Study Shows Pharmacists Enhance Quality Improvement For AMI Patients
Hospital quality-improvement coalitions to reduce acute myocardial infarction (AMI) mortality may benefit from the inclusion of pharmacists, according to a report published May 11 in the American Journal of Health-System Pharmacy.
Leslie A. Curry, PhD, MPH, et al., conducted a two-year, mixed-method, interventional study in 10 U.S. hospitals to promote the use of five evidence-based strategies associated with lower risk-standardized mortality rates for AMI patients: The evidence-based strategies included 1) employing creative problem solving, 2) convening monthly meetings with emergency medical services to review AMI cases, 3) having pharmacists participate on rounds for all AMI patients, 4) involving physician and nurse champions for AMI care, and 5) dedicating nurses to cover the cardiac catheterization laboratory. Strategies were measured at baseline, 12 months and 24 months and data were collected via face-to-face interviews at each hospital.
Results showed significant changes in the use of evidence-based strategies over the two-year study period, with the mean number of strategies used per hospital increasing from 2.4 at baseline to 3.9 at 24 months. Innovative approaches for integrating pharmacotherapy and pharmacy practice expertise included information technology solutions, targeted rounding for AMI patients, medication-bridging programs and AMI patient education.
Furthermore, the authors found that the inclusion of pharmacists strengthened relationships across disciplines and allowed them to become routinely embedded in broader quality efforts. The empowerment of pharmacists to solve problems also allowed for local innovation in the implementation of evidence-based strategies, tailoring solutions to fit the hospital context.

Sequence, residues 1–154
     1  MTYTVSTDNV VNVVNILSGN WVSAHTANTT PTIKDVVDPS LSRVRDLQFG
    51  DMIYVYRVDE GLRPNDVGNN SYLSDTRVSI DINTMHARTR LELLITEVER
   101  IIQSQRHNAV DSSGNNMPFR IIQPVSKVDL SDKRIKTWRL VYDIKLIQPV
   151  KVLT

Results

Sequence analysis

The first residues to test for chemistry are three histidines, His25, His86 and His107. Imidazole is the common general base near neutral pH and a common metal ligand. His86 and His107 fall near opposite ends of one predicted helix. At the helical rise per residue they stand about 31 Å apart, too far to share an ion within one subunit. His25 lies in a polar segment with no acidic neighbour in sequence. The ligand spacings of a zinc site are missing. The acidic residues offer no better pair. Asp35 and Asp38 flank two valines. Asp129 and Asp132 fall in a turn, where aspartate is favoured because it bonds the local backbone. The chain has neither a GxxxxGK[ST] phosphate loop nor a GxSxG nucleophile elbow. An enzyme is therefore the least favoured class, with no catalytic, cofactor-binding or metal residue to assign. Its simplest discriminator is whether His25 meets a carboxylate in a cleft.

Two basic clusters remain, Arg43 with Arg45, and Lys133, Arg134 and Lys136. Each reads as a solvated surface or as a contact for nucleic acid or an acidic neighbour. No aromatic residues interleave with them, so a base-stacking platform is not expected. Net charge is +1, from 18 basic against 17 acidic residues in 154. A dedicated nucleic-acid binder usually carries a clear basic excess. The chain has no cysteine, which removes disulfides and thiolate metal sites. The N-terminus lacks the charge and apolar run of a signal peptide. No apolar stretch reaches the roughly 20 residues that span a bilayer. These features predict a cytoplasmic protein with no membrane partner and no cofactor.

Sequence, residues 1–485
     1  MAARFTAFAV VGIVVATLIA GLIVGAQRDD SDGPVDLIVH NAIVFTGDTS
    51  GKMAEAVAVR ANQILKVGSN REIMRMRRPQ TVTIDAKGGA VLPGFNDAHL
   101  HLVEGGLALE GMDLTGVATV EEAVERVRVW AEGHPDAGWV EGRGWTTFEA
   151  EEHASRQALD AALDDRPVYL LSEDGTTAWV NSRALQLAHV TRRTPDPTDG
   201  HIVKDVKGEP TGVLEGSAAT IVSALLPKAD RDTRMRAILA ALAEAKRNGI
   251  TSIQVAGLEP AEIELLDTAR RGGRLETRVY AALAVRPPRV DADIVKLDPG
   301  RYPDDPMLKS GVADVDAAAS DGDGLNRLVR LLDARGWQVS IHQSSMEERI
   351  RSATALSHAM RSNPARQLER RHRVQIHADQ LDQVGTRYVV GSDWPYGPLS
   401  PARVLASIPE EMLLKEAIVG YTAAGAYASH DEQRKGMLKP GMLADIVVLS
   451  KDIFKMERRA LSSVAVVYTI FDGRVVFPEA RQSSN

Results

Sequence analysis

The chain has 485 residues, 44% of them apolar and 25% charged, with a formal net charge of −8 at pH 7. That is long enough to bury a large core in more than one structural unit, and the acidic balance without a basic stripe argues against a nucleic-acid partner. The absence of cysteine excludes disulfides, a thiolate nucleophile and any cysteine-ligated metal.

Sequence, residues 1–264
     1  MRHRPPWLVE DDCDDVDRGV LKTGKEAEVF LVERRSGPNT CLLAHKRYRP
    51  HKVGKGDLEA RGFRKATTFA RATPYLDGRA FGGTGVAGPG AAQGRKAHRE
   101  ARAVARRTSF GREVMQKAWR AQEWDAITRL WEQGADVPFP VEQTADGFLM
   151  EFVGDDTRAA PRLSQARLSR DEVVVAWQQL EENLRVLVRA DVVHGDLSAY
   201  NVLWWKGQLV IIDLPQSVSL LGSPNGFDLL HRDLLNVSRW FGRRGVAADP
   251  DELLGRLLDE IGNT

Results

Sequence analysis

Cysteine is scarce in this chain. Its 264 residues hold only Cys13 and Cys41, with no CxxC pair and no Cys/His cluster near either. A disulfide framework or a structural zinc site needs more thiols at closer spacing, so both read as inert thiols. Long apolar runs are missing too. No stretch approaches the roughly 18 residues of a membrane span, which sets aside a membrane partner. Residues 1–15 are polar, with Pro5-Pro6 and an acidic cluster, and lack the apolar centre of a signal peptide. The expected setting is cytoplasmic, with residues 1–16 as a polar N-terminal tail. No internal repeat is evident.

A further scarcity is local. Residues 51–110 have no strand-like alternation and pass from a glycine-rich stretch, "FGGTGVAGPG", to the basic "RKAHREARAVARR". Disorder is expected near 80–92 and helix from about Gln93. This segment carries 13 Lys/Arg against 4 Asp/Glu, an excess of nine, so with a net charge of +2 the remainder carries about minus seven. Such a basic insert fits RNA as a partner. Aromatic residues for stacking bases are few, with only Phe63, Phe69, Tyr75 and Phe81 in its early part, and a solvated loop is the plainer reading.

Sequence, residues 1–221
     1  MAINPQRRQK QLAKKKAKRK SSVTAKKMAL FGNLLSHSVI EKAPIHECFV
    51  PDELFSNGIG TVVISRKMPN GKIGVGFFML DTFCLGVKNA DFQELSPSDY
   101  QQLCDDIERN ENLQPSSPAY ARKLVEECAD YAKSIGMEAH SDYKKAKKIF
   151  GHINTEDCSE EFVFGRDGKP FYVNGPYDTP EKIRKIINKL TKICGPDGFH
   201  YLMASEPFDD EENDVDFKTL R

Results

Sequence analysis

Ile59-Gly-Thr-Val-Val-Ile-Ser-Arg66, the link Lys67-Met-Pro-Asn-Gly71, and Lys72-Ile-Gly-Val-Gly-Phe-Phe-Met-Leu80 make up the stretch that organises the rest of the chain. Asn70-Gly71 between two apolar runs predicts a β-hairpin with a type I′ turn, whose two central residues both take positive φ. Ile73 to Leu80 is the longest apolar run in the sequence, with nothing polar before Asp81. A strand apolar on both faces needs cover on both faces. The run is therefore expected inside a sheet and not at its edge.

“Although previously published evidence about the impact of pharmacist involvement on a variety of clinical outcomes is mixed, several recent systematic reviews suggest that pharmacist expertise positively influences cardiac process-of-care measures and outcomes such as readmissions,” the authors write. “This study’s findings extend the published literature by describing an intervention that successfully engaged pharmacists as part of quality-improvement guiding coalitions.”
Keywords: Pharmacists, Quality Improvement, Patient Readmission, Medical Informatics, Pharmaceutical Services, Pharmacy, Hospitals, Emergency Medical Services, Myocardial Infarction, Cardiac Catheterization
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